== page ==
By Sebastian Mallaby (THE WASHINGTON POST, 06/08/07):
A decade ago, financial globalization seemed terrifying. Crises swept from East Asia to Russia and Brazil; the implosion of a globe-spanning hedge fund, Long-Term Capital Management, forced the Fed to orchestrate a bailout. But this decade may be remembered for the opposite lesson.
If the world comes through the current market turmoil relatively unscathed, it will be thanks to the globalization of finance. The demon will have turned into a hero.
Since 2001, pessimists have predicted that the United States would drown in financial self-indulgence. The Bush administration inherited a federal budget that virtuously saved money every year; it cut taxes recklessly and spent like a drunken sailor.… Seguir leyendo »
By Jackson Diehl (THE WASHINGTON POST, 06/08/07):
In a speech to a meeting of democratic freedom fighters in Prague on June 5, President Bush announced a concrete mission for his State Department. «I have asked Secretary Rice,» he said, «to send a directive to every U.S. ambassador in an unfree nation: Seek out and meet with activists for democracy. Seek out those who demand human rights.»
Nearly two months later, the cable had not been sent. (The State Department told me that it was dispatched late Friday — the day after I called the Bureau of Democracy, Human Rights and Labor to inquire about it.)… Seguir leyendo »
By Oliver Kamm, the author of Anti-Totalitarianism: the Left-Wing Case for a Neoconservative Foreign Policy (THE GUARDIAN, 06/08/07):
Today is Hiroshima day, the anniversary of the dropping of the first atomic bomb. As the wartime generation passes on, our sense of gratitude is increasingly mixed with unease regarding one theatre of the second world war. There is a widespread conviction that, at Hiroshima and Nagasaki, America committed acts that were not only terrible but also wrong.Disarmament campaigners are not slow to advance further charges. Greenpeace maintains that a different American approach might have prevented the cold war, and argues that new research on the Hiroshima decision «should give us pause for thought about the wisdom of current US and UK nuclear weapons developments, strategies, operational policies and deployments».… Seguir leyendo »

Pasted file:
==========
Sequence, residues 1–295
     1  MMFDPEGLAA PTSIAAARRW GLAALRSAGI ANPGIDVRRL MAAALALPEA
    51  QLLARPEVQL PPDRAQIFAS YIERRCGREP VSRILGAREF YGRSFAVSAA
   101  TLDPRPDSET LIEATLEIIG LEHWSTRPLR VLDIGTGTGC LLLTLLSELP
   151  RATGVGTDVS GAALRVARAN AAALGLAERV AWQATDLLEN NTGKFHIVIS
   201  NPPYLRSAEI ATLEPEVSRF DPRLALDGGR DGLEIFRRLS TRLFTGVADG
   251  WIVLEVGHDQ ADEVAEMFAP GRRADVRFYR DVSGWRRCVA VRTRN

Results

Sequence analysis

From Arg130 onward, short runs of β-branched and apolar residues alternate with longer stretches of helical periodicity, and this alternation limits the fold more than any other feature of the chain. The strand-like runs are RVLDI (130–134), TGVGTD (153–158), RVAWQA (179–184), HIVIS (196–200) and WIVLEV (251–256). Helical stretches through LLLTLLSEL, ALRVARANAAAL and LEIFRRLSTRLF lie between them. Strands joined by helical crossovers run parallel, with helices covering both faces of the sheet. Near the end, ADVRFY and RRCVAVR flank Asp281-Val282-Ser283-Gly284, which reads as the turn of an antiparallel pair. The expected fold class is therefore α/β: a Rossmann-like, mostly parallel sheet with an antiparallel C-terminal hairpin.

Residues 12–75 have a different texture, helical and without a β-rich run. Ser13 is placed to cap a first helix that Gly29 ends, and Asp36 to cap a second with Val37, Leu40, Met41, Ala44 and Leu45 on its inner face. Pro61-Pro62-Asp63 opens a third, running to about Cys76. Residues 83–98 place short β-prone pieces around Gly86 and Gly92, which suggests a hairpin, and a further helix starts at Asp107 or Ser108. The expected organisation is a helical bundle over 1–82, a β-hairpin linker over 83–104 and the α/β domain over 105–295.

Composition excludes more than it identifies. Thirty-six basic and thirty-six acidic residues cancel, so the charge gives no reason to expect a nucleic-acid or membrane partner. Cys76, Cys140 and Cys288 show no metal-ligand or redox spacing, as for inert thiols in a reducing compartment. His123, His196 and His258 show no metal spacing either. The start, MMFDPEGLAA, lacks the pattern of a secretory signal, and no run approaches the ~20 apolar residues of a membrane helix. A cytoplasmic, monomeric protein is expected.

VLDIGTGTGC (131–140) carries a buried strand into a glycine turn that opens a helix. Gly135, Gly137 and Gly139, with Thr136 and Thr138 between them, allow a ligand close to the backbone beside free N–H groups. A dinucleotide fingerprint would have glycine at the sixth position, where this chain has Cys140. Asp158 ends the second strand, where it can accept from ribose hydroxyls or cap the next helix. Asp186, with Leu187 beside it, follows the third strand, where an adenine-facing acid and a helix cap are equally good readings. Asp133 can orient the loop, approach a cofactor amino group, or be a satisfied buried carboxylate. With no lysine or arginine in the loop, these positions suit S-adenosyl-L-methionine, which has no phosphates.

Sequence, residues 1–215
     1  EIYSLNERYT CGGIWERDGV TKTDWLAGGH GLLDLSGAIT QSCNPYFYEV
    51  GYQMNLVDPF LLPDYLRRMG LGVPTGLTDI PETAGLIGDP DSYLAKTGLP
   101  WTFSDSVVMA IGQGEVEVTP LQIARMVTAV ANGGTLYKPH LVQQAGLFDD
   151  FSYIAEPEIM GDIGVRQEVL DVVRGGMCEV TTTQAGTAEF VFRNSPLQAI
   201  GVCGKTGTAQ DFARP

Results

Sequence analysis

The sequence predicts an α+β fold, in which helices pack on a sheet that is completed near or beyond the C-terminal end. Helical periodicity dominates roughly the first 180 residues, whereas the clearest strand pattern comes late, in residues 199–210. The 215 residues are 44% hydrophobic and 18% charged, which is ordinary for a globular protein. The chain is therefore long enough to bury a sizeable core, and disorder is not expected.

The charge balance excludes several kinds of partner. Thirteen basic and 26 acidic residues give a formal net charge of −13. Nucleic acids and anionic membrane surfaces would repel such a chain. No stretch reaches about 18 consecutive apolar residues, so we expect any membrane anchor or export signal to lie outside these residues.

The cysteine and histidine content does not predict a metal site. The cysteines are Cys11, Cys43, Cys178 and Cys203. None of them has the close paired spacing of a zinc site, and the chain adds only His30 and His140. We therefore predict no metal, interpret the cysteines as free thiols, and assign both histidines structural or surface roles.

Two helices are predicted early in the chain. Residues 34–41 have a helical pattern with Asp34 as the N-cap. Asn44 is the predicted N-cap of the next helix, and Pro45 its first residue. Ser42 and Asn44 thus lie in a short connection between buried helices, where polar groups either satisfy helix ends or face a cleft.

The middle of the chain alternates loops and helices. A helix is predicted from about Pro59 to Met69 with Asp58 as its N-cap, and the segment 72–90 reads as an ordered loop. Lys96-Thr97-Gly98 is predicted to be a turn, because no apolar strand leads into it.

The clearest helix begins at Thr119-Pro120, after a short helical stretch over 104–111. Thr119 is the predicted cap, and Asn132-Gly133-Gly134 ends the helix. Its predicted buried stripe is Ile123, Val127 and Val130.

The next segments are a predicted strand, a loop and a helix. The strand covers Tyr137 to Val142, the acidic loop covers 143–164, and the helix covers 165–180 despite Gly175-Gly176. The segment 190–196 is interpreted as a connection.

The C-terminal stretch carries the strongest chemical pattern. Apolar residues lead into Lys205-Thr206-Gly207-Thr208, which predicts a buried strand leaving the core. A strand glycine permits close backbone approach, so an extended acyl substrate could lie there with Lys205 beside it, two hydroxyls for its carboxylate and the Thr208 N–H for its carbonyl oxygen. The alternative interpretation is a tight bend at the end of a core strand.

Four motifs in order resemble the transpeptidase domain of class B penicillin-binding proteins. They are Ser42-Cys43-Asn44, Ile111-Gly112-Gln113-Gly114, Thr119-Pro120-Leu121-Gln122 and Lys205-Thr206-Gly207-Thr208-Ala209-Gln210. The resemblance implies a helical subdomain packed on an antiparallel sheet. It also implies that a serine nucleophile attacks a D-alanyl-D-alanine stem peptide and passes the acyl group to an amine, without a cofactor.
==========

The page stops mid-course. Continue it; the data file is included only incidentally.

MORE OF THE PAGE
By Peter Preston (THE GUARDIAN, 06/08/07):
She says he’s «naive» and can’t do «tough». So how does Barack Obama respond to Hillary Clinton’s scorn? With worldly-wise super-tough. Either Pakistan roots out foreign terrorist cells, cans the Taliban and seals its borders, or embryo President Obama will cut off aid to Musharraf’s army. And if his US has evidence of al-Qaida leaders lurking in some cave over the frontier from Afghanistan and Islamabad refuses to act? «Then we will.» He’ll send the marines in. Obama does ignorant and stupid too, it seems. Draw a deep breath and hope that, somewhere, somehow, calmer counsels prevail.… Seguir leyendo »
By Henning Mankell, a Swedish crime novelist and son-in-law of Ingmar Bergman (THE GUARDIAN, 06/08/07):
For those who lived close to him, Ingmar Bergman’s passing last week was no great surprise. He had just turned 89; he was a very old man. His tired heart stopped beating in the early hours of the morning, in this rainy summer season, at his home on the Swedish island of Faro. The rabbits that used to sit motionless on the beach and listen to him playing Mahler will now wonder where the old man has gone. But he is gone. The hourglass has run empty.… Seguir leyendo »